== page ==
Participation is essential to good forest governance
In Myanmar, the government is increasingly coordinating and cooperating with civil society organizations on policy and legal reforms.
Aung Thant Zin
In Myanmar the government is increasingly coordinating and cooperating with civil society organizations on policy and legal reforms, says Aung Thant Zin, chief executive officer of the Myanmar Environment Rehabilitation-conservation Network. He lists recent participation by such organizations in the development of the National Land-use Policy and the National Climate Change Policy, the revision of Forest Rules and Community Forestry Instructions, and in the development of the Protection of Biodiversity and Protected Area Law.
Hoang Xuan Thuy, vice-director of the Vietnamese nongovernmental organization PanNature, says Vietnam has also become more open in recent years. Now, when government agencies develop a new policy or law, they seek the views of relevant stakeholders and the wider public, he says.
“When they have a draft, they put it online and anyone can download it, organize a consultation and provide comments to the government agency,” says Hoang. “When the government agency submits the draft law to the National Assembly for approval, they need to provide what feedback they have received and explain what they have taken into account and what they have not. They publish that on their website as well. These requirements provide room for engagement.”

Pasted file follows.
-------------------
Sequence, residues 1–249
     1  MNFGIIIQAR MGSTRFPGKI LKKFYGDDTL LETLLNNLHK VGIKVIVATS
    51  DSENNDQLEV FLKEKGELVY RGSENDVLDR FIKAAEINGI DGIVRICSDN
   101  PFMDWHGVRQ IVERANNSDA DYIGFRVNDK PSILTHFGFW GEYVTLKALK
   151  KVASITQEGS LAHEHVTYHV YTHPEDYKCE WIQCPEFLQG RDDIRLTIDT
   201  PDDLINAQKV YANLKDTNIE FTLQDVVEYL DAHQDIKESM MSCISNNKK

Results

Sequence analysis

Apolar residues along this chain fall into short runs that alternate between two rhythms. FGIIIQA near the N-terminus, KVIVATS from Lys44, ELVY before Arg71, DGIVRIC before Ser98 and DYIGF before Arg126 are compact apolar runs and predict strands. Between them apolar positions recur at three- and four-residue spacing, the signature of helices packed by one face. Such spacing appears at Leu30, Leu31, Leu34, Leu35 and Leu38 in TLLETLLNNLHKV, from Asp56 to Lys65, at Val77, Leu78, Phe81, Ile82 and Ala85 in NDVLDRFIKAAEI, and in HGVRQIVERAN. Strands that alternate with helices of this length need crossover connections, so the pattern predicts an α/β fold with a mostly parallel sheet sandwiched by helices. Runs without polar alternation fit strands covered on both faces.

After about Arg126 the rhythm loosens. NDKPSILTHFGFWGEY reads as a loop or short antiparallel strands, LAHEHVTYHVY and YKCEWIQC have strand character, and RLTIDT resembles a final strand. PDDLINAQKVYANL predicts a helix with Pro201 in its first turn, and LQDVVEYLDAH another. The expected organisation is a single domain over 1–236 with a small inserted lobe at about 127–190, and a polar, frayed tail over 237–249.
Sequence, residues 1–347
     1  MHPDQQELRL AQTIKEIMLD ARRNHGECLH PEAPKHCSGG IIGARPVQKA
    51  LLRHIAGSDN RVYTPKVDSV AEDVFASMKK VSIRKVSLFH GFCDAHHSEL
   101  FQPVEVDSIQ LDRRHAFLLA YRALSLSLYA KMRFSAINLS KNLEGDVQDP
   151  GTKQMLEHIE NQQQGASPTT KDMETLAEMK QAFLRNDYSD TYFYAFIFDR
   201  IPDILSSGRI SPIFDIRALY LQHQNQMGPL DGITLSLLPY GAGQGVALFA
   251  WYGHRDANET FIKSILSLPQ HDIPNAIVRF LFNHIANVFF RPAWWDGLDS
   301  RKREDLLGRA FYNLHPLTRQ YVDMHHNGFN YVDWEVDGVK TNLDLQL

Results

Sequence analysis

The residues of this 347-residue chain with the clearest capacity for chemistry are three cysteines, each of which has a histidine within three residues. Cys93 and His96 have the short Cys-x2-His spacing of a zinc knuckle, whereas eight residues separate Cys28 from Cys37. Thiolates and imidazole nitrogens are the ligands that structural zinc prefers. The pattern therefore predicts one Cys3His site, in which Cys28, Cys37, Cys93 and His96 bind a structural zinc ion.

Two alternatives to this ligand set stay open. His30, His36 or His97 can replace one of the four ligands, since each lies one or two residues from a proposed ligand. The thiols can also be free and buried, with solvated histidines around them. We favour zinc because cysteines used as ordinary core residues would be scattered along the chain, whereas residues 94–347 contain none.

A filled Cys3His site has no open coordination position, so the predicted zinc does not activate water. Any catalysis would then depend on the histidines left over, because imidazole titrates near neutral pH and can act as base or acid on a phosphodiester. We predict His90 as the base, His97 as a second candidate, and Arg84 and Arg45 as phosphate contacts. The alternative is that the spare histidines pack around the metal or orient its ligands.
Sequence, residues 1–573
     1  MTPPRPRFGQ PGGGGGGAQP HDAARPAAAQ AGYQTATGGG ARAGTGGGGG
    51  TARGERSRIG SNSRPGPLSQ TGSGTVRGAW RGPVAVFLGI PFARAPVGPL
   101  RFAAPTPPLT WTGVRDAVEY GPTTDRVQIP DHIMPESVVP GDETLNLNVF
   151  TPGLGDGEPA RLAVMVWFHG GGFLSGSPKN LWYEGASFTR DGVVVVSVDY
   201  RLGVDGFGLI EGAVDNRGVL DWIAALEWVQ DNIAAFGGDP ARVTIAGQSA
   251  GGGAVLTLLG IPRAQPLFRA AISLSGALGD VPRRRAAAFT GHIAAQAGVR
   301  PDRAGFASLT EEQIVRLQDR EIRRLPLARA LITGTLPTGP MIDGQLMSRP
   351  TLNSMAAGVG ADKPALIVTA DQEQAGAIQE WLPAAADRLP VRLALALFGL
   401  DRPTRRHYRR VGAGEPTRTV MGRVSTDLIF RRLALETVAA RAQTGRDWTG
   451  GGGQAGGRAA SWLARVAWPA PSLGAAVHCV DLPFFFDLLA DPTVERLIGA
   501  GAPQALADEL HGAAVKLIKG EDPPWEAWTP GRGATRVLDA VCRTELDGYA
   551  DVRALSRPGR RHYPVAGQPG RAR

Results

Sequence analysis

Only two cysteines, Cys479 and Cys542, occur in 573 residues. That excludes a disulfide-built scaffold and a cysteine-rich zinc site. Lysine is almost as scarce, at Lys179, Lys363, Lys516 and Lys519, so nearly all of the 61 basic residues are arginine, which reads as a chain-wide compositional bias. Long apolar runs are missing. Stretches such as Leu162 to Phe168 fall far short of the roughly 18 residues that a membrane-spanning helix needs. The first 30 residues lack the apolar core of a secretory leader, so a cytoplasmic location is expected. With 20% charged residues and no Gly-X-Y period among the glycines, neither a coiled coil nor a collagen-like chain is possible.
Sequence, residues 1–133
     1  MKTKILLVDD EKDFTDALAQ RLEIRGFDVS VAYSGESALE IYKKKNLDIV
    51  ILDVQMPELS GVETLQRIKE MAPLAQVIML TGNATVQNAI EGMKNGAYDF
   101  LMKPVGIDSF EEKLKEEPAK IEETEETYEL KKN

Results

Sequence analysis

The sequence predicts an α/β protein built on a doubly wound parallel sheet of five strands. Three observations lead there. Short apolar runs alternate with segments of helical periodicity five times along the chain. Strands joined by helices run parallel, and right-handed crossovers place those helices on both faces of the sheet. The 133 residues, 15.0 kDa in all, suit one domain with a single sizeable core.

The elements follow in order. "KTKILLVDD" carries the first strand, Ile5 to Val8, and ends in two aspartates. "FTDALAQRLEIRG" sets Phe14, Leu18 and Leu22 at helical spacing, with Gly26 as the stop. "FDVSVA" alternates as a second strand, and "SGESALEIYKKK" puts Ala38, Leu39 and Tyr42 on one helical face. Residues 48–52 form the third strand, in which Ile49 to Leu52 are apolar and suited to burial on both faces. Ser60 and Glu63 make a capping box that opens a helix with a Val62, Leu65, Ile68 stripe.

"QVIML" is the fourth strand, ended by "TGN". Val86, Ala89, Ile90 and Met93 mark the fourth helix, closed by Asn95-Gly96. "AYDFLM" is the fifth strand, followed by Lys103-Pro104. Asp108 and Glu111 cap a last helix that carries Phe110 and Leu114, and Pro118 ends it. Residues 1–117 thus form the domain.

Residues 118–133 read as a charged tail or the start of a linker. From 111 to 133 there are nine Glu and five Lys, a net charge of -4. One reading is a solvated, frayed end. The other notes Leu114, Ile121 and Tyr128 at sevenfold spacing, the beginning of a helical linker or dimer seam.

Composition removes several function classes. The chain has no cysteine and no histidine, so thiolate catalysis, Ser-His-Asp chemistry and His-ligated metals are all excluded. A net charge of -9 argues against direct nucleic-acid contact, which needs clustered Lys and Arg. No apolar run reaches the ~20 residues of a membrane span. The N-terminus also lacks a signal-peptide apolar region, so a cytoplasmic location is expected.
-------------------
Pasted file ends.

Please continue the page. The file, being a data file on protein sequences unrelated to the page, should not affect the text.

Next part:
To influence policy processes, PanNature will often organize consultation workshops to gather the views of forest stakeholders, or will join technical working groups set up by government agencies to help them develop policies.
“For revisions of the law, government agencies will invite different organizations to discuss what they should revise, what gaps to fill and what research they need to do to develop policy,” says Hoang. “When Vietnam developed its new Forest Law of 2017, we successfully advocated for the law to recognize sacred forests managed by communities.”
Robin aus der Beek says that by engaging with civil society groups and learning what they know, governments are starting to shift. Before, they focused on engaging communities in forest conservation and allowing them to use forest resources for subsistence. But now they are promoting livelihood development and income generation from the forest sector.
“This overall trend and the resulting increase in community rights is due to participation by civil society groups,” he says.
The next sections of this special report focus on how civil society organizations are participating in policy processes and the challenges they face.